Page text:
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Meditation and Relativity
By D. R. Sharma
Science and meditation both resulted from man's inquisitiveness - a desire to know the very basis of existence. Science dealt with the external world consisting of all matter embedded in space-time, while meditation attempted to understand the intangible reality behind all these manifestations. Although there is some tendency to regard meditation as a science the domains of the two disciplines are separate. Science in its present form has a relatively short history, but meditation has been around since the dawn of civilization. It is not something that was discovered and invented in time. It is an ageless human experience where only the techniques for getting the experience have been explored and refined. Meditation has nothing to do with any particular religion. However, since the experience in meditation involves the Ultimate Reality (identified with God in most religions), people often think of it as a spiritual or religious activity.
In science physics has always been at the vanguard of discovery and in the past hundred years it has brought revolutionary changes in our understanding of nature. The main contributors have been the quantum theory and the theory of relativity. These theories have taken physics almost into the realm of metaphysics and in recent years there has been much discussion about the convergence of science and religion (or science and philosophy). We do not wish to get into that discussion here. Our intent is to just point out the similarity of the concepts in modern physics (especially in relativity theory) and meditation.
Special Theory of Relativity
The development of the theory of relativity involved two phases. Einstein first presented it for the special case of uniform motion and abolished the concept of absolute space and time. Length (a measure of space) and time were dependent (relative to) on the frame of reference, i.e. depended on the observer. For an observer moving with a uniform velocity the length became shorter (contracted) and the time became longer (dilated). These results follow from the two main postulates of theory: 1) the speed of light in vacuum is the same for all observers; 2) the laws of nature are the same for all observers. This is called the special theory of relativity as it applies to the special case of uniform motion.
Since space and time are dependent on velocity that combines space and time (speed is distance divided by time) it is no longer possible to treat them separately. This means that an object is not completely described by its position alone, the time also has to be specified. Thus in relativistic terms there are no objects but only events in four-dimensional space-time.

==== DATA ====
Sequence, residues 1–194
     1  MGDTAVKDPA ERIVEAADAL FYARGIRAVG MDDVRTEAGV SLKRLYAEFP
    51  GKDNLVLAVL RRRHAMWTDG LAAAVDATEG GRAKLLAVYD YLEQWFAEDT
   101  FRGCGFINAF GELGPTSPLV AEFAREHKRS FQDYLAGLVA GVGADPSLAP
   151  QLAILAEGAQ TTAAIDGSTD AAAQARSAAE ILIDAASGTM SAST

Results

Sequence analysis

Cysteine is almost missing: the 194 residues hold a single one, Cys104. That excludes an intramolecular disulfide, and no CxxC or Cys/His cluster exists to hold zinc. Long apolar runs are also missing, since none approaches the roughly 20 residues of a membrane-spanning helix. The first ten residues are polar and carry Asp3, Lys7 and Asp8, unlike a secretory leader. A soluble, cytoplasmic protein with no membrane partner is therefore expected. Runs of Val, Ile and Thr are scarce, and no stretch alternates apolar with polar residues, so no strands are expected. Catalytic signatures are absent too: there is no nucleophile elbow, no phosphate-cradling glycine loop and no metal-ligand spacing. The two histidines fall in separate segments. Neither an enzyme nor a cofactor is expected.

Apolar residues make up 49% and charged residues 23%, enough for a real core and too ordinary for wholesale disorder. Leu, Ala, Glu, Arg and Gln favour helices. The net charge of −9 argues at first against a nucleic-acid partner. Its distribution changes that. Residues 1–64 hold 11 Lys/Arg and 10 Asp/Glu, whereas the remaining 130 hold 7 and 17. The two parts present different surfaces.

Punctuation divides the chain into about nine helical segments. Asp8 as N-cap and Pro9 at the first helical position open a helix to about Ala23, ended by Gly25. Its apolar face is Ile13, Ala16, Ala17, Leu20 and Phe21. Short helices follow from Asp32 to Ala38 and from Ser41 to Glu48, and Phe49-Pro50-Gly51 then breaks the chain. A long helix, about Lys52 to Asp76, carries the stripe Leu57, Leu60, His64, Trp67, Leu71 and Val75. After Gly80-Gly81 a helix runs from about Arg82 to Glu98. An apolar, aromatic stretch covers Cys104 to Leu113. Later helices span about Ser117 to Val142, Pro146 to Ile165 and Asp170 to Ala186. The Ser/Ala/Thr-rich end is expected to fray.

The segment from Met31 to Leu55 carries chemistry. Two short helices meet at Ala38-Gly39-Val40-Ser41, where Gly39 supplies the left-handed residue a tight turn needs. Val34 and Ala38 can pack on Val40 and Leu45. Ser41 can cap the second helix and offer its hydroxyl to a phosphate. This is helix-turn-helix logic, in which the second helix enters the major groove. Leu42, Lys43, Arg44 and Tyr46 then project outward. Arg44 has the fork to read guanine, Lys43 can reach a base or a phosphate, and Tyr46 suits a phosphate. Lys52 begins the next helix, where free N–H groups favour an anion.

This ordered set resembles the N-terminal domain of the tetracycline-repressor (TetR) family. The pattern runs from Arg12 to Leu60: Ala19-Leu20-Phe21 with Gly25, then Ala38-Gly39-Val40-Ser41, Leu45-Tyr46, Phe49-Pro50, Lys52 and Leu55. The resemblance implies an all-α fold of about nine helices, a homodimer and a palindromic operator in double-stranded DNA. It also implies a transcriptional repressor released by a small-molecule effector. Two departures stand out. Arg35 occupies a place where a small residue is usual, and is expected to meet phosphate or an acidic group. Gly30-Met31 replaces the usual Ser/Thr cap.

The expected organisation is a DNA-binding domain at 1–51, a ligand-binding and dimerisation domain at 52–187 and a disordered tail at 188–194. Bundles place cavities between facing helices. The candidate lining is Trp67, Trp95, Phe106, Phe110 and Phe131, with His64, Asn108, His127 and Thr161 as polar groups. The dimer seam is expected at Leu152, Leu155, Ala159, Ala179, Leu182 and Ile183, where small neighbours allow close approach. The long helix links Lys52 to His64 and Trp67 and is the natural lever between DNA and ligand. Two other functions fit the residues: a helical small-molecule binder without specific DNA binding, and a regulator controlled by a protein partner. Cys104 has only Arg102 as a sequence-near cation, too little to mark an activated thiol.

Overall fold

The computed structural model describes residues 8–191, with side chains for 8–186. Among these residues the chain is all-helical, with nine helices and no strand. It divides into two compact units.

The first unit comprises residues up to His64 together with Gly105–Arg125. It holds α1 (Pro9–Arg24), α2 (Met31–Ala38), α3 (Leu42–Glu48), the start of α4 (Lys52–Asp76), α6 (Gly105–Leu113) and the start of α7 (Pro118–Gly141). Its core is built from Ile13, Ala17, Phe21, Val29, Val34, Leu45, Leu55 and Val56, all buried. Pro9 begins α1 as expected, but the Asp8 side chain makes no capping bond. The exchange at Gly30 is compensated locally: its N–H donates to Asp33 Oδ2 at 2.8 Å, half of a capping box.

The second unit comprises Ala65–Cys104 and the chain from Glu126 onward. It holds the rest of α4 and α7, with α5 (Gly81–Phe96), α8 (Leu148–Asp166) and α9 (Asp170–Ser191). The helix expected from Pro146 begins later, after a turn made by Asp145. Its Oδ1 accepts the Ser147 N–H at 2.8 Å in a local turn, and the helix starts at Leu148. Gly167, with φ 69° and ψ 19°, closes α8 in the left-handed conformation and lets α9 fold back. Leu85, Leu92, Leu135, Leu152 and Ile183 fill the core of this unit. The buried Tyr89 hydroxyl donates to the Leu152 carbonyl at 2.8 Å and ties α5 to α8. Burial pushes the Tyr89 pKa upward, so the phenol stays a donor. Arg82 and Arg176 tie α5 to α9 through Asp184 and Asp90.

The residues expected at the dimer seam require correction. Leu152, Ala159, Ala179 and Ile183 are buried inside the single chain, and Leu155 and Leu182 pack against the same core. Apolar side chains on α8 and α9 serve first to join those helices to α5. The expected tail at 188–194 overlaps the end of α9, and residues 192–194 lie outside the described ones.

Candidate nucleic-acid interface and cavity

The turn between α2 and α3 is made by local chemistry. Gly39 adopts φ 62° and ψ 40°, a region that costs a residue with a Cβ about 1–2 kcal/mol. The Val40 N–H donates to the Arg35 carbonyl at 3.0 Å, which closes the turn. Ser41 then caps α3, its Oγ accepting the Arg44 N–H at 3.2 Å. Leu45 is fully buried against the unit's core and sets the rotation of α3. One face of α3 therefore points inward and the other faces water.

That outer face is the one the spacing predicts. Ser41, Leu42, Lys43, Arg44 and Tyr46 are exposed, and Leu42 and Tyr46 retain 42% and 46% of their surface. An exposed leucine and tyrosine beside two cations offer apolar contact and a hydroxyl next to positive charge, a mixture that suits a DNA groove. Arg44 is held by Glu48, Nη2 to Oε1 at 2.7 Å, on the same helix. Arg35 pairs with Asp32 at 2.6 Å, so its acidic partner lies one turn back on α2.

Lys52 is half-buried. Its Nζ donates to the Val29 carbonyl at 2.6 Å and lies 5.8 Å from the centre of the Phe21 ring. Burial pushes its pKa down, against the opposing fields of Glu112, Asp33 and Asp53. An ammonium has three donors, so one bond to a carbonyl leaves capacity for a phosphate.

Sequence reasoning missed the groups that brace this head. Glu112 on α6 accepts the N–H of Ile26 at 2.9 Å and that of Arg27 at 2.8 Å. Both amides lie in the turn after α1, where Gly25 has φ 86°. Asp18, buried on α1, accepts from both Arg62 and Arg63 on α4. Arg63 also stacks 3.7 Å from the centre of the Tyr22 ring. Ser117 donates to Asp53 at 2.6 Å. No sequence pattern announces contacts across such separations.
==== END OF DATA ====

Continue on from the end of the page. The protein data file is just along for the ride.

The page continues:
Another conclusion that followed from this theory was the equivalence of mass and energy given by the famous equation E = mc2 derived by Einstein shortly after presenting the theory. At the time this result seemed absurd to Einstein himself. Years later came its experimental verification that had enormous consequences for Mankind.
General Theory of Relativity
Even though the results of the special theory were spectacular, Einstein was not satisfied. He wanted it to be generalized for 'motion' in general including accelerated motion. The simplest example of such motion in nature is the motion in a gravitational field, which had been investigated since the time of Galileo. Based on the knowledge of the earth's gravitational field Einstein concluded that the effects of an accelerated (nonuniform) motion must be the same as that of the gravitational field. He called it the equivalence principle . From here he reached the conclusion that, since bodies in the universe move along the space-time surface, space-time itself must be curved and the curvature of space-time represents the gravitational field. It is not possible to cover the intricacies of the space-time curvature here; we shall simply mention the consequence of this fact as described by Stephen Hawkins. "Space and time are now dynamic quantities. Space and time not only affect but are also affected by whatever happens in the universe."
This leads to another important fact pertinent to our discussion: if there is no matter in the universe (i.e. the universe itself disappears) space and time also disappear. If space and time disappear, what remains? In Einstein's words nothing remains. Yet this state of nothingness must contain the potentials for matter, space, and time to reappear when conditions are favorable. In philosophy there is a term to describe it; it is called "shunyata" in Sanskrit and is usually translated as emptiness or void, although neither conveys the real meaning. We will discuss it in the next section.
Relevance to Meditation